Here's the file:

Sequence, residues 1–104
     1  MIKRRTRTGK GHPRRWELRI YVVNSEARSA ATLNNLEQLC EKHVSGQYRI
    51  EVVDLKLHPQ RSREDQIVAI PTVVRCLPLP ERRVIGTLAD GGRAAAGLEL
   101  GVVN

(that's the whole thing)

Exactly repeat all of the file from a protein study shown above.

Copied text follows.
Sequence, residues 1–104
     1  MIKRRTRTGK GHPRRWELRI YVVNSEARSA ATLNNLEQLC EKHVSGQYRI
    51  EVVDLKLHPQ RSREDQIVAI PTVVRCLPLP ERRVIGTLAD GGRAAAGLEL
   101  GVVN